This week (15-19 April), we were due to be dazzled by the world’s best showjumpers contesting the 2020 World Cup Final in Las Vegas, USA. Sadly, the worldwide pandemic has brought the sport to a standstill, so instead we decided to dip into the archives to remember some of the legendary partnerships to have won multiple World Cup crowns in the competition’s 41-year history.
1. Rodrigo Pessoa and Baloubet Du Rouet: winners in 1998, 1999 and 2000, placed in 2001, 2002 and 2003
Brazilian rider Rodrigo Pessoa remains the only rider to secure a consecutive winning hat-trick of World Cups on the same horse, achieving the feat with the great chestnut stallion Baloubet Du Rouet in Helsinki, Gothenburg and then Las Vegas in 2000. They came within a whisker of making it four-in-a-row in 2001 when finishing second, going on to claim two more podium spots together.
“He was a horse of a lifetime and a freak of nature,” Rodrigo told H&H. “He had everything – the power, the health, he was careful and intelligent. We as riders are just fortunate to be able to cross paths with horses like that.”
2. Hugo Simon: winner in 1979 on Gladstone, then in 1996 and 1997 on E.T
Representing Austria, Hugo Simon won the inaugural World Cup in Gothenburg in 1979 and then, after a 17-year hiatus, returned for back-to-back victories in 1996 and 1997 with the renowned E.T. His third win came about on a return to the Scandinavium arena in Gothenburg when Hugo was 55.
3. Meredith Michaels-Beerbaum and Shutterfly: winners in 2005, 2008 and 2009, runner-up in 2004 (pictured)
American-born Meredith Michaels-Beerbaum represents Germany and she is the only female rider to win three World Cups. After narrowly missing out on the crown in 2004, Meredith made amends with her first victory in Las Vegas the following year with her phenomenal partner Shutterfly. The pair’s hat-trick came in the same city four years later, where the then world number one rider led throughout all three legs — Shutterfly didn’t touch a pole throughout — en route to claiming the title. “That was my most perfect victory,” said Meredith at the time. She describes her beloved “Petey” as “the most perfect horse in the world. He only became great when he entered the ring. There he knew he had ability and he became confident,” she says.
4. Marcus Ehning: winner in 2003 with Anka, 2006 on Sandro Boy and again in 2010 riding Noltes Kuchengirl and Plot Blue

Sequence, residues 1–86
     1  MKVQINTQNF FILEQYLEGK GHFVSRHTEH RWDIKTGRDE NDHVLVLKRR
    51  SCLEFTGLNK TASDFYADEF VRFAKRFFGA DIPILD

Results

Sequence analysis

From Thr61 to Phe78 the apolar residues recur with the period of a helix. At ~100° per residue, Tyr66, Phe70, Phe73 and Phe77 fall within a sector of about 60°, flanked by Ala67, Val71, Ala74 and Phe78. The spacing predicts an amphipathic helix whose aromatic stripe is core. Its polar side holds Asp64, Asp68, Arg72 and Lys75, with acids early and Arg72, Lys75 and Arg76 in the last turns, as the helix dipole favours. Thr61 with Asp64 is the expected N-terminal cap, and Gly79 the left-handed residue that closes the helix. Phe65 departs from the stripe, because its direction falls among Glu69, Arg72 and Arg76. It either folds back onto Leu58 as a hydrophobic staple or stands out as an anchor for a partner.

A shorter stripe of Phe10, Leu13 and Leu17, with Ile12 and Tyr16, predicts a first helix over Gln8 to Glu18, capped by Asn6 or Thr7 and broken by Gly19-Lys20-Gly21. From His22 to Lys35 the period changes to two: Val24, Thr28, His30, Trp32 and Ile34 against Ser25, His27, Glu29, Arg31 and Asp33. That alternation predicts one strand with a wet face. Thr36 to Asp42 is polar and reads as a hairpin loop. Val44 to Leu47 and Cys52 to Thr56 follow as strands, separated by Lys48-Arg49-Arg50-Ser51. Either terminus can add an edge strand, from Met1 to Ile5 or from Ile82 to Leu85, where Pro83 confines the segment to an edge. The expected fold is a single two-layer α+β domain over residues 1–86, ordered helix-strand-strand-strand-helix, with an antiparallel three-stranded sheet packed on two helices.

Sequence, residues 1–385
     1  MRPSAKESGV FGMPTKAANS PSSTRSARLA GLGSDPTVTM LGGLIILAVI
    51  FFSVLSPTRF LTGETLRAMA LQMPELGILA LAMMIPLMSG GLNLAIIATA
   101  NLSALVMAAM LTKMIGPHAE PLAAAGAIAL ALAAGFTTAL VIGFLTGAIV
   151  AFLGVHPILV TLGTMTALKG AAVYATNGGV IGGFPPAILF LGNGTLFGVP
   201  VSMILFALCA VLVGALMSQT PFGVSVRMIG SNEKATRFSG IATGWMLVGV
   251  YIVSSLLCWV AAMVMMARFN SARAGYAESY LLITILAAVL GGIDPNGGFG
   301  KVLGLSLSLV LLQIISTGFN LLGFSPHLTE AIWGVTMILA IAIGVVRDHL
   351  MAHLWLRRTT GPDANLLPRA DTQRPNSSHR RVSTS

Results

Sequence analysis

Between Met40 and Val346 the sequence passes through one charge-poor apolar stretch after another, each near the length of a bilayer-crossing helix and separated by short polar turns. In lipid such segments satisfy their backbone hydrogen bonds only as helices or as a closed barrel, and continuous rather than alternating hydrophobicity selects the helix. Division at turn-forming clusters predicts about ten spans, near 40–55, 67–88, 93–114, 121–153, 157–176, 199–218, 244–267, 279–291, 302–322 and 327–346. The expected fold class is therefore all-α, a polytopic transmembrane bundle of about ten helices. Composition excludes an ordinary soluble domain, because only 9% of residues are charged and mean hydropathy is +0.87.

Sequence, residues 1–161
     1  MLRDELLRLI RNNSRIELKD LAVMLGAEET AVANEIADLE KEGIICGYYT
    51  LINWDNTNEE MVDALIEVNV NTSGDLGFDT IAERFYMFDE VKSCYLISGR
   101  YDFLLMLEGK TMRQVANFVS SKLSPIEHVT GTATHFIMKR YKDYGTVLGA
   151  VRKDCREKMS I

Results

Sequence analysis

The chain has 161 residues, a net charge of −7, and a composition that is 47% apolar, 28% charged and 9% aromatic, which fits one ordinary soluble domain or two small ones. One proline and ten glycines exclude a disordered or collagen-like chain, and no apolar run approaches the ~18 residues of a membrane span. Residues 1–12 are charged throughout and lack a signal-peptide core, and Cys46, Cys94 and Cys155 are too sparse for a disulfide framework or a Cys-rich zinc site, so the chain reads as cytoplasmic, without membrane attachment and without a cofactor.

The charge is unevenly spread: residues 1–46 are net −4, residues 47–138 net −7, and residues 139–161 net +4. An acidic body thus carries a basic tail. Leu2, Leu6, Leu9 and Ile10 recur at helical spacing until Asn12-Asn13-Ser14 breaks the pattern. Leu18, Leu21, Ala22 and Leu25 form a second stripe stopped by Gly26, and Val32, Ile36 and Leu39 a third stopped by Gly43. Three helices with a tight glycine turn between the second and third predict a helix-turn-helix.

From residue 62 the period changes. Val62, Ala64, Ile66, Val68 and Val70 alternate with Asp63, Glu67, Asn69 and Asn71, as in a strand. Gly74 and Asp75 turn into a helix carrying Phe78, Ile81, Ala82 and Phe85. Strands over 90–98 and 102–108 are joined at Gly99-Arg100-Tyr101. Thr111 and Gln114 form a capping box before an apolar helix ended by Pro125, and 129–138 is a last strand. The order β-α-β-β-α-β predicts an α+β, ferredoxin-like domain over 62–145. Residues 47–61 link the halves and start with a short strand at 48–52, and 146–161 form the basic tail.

Esteemed German horseman Marcus Ehning’s first World Cup success came in the 25th running of the World Cup, held in Las Vegas, the day before his 29th birthday.
“I never thought I would win,” he said. “If you think about it too much, it can hurt, so I tried not to overthink it but it really couldn’t have turned out any better.”
Less than a fence separated the top three riders going in to the final round but another faultless performance with the 12-year-old mare Anka claimed the top spot. In 2010 in Geneva he became one of the elite group of riders, now standing at five, who have won three World Cups.
5. Steve Guerdat: winner in 2015 riding Albfuehren’s Paille, 2016 on Corbinian and again in 2019 with Alamo; he finished second in 2013 on the great Nino Des Buissonnets
The reigning World Cup title-holder Steve Guerdat of Switzerland misses the chance to claim a historic fourth win in Vegas this year but still rules as one of the most successful riders in the competition’s history.
“The first one was amazing, the second one was amazing, the third one… I don’t know what to say,” said an emotional Steve after claiming his hat-trick in Gothenburg last year. “I just love being a part of this championship.”
6. John Whitaker and Milton: champions in 1990 and 1991, runners-up in 1989 and again alongside Grannusch in 1993. John went on to finish second again in 1997.
The legendary pairing of John Whitaker and the great Milton, one of the sport’s most popular combinations, couldn’t have come closer to claiming a World Cup hat-trick, but the achievement just eluded them. The duo’s victories came in Dortmund and Gothenburg, with the latter being one of the mighty grey gelding’s final major successes.
“He was a brilliant jumper and he just felt special from the very first fence I jumped on him,” John told H&H. “I’ve been very spoilt with some of my horses but he was so careful — when you went up in the air on Milton you felt as though you were never going to come down.”
7. Ian Millar and Big Ben: title-holders in 1988 and 1989, runners-up in 1986
In this Who’s Who of showjumping legends, the Canadian Ian Millar and his great partner Big Ben join John Whitaker as a rider to have come agonisingly close to a World Cup hat-trick. The pair gained three top 10 finishes between 1985 and 1987 before taking top spot in Gothenburg in 1988 and again in Tampa, Florida, the following year. The Belgian-bred Big Ben, who captured the hearts of showjumping fans around the world, goes down in World Cup history as the first horse to win the title back-to-back.
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‘The story of my life is more of a drama than a comedy’ — 60 seconds with Steve Guerdat
‘I ride 13 horses at shows — sometimes 20 at home’: is this 17-year-old the sport’s hardest working rider?
8. Ludger Beerbaum: winner in 1993, with 12 top six finishes between 1992 and 2014
Despite only having one World Cup Final victory to his name, German legend Ludger Beerbaum is one of the most consistent performers in the competition, qualifying regularly over an astounding 30 years. His crowning moment came in Gothenburg in 1993 when he and the phenomenal mare Ratina Z triumphed.
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